God’s Not Who You Think


Mark Mallett


For many years as a young man, I struggled with scrupulosity. For whatever reason, I doubted that God loved me — unless I was perfect. Confession became less a moment of conversion, and more a way to make myself more acceptable to the Heavenly Father. The idea that He could love me, as I am, was very, very difficult for me to accept. Scriptures such as “Be perfect as your heavenly Father is perfect,”[1]Matt 5:48 or “Be holy because I am holy”[2]1 Pet 1:16 only served to make me feel even worse. I am not perfect. I am not holy. Therefore, I must be displeasing to God. 

On the contrary, what actually displeases God is a lack of trust in His goodness. St. Paul wrote:

Without faith it is impossible to please him, for anyone who approaches God must believe that he exists and that he rewards those who seek him. (Hebrews 11:6)

Jesus said to St. Faustina:

The flames of mercy are burning Me—clamoring to be spent; I want to keep pouring them out upon souls; souls just don’t want to believe in My goodness.  —Jesus to St. Faustina, Divine Mercy in My Soul, Diary, n. 177

Faith is not an intellectual exercise whereby one simply admits the existence of God. Even the devil believes in God, who is hardly pleased with Satan. Rather, faith is a child-like trust and submission to the goodness of God and His plan of salvation. This faith is increased and broadened, simply, by love… the way a son or daughter would love their papa. And therefore, if our faith in God is imperfect, it is nonetheless carried by our desire, that is, our efforts to love God in return.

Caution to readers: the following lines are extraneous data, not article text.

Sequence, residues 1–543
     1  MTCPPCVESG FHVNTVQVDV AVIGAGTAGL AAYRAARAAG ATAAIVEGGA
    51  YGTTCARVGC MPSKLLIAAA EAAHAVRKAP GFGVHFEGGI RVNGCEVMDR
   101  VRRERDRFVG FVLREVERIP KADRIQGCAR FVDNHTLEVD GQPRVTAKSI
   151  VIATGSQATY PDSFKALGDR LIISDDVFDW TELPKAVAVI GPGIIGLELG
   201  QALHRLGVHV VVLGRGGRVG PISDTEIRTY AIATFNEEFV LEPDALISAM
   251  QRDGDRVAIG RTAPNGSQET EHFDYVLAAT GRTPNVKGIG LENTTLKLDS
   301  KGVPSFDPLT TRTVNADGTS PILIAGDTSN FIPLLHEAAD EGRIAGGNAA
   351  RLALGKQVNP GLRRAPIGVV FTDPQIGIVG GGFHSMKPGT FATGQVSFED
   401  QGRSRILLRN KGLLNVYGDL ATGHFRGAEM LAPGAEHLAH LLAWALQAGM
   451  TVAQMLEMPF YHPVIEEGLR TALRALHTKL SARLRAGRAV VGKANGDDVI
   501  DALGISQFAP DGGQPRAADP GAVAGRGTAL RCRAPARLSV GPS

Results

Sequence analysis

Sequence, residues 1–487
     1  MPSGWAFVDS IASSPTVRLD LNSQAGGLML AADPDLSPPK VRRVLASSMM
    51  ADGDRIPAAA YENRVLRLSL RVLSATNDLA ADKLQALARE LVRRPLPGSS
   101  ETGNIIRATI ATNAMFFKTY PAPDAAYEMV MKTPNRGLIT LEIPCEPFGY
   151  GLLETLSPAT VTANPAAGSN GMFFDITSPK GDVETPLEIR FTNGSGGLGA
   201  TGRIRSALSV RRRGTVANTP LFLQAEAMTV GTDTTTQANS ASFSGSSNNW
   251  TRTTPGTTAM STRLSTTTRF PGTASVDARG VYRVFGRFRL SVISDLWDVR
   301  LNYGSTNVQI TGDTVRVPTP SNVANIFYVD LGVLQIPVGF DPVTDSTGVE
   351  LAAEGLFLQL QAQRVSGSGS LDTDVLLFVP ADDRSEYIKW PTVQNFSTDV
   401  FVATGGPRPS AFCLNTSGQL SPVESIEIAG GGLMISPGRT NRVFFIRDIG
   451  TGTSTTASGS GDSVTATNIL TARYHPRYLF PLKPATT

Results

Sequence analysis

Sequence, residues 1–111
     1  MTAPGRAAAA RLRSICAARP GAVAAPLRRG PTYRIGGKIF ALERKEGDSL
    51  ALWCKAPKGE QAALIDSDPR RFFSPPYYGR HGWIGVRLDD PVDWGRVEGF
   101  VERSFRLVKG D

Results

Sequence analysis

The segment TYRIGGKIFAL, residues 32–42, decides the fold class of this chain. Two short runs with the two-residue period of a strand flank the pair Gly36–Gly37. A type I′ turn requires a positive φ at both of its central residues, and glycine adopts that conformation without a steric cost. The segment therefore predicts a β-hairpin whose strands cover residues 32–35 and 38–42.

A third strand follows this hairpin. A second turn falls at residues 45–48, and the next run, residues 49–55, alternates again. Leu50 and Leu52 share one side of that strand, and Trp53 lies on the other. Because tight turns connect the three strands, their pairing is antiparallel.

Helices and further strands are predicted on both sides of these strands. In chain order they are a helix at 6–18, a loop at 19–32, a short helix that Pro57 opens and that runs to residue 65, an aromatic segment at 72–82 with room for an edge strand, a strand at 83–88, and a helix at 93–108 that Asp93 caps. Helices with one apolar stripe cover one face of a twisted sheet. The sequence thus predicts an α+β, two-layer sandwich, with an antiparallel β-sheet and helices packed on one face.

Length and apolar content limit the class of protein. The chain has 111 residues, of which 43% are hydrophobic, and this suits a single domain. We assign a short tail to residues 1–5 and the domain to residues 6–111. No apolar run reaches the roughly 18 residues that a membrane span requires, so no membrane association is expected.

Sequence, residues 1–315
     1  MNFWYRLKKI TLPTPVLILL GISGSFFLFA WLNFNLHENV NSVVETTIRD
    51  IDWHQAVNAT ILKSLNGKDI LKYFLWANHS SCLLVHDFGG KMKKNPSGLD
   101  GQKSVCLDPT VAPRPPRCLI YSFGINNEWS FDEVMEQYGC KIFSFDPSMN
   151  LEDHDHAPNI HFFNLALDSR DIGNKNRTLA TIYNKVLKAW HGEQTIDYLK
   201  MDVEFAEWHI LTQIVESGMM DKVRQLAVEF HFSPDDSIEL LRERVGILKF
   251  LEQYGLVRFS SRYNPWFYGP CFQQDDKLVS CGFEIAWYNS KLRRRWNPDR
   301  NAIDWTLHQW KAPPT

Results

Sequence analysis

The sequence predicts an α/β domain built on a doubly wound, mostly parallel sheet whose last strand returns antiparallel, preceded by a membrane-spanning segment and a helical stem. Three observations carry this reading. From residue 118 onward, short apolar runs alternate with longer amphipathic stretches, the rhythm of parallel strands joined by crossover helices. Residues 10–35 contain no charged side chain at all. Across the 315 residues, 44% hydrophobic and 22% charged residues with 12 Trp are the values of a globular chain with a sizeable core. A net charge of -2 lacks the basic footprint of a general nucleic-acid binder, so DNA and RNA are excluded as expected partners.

…love covers a multitude of sins. (1 Pet 4:8)

But what about sin? Doesn’t God hate sin? Yes, absolutely and without reserve. But this does not mean He hates the sinner. Rather, God detests sin precisely because it disfigures His creation. Sin distorts the image of God in which we are created and amounts to misery, sadness, and despondency for the human race. I don’t need to tell you that. We both know the effects of sin in our lives to know this is true. So this is why God gives us His commandments, His divine laws and demands: it is in His Divine Will and harmony with it that the human spirit finds its rest and peace. I think these are my all-time favourite words from St. John Paul II:

Jesus is demanding because He wishes our genuine happiness.  —POPE JOHN PAUL II, World Youth Day Message for 2005, Vatican City, Aug. 27th, 2004, Zenit

It actually feels good to sacrifice, to be disciplined, to reject things that are harmful. We feel dignified when we do, and that’s because we are corresponding to who we really are made to be. And God did not make the wonderful things in creation for us not to enjoy them. The fruit of the vine, delicious food, marital intercourse, the smells of nature, the purity of water, the canvas of a sunset… all of it is God’s way of saying, “I created you for these goods.” It’s only when we abuse these things that they become a poison to the soul. Even drinking too much water can kill you, or breathing in too much air too quickly can cause you to pass out. So, it is helpful to know that you should not feel guilt for enjoying life and enjoying creation. And yet, if our fallen nature struggles with certain things, then sometimes it is better to leave these goods aside for the higher good of the peace and harmony of remaining in friendship with God.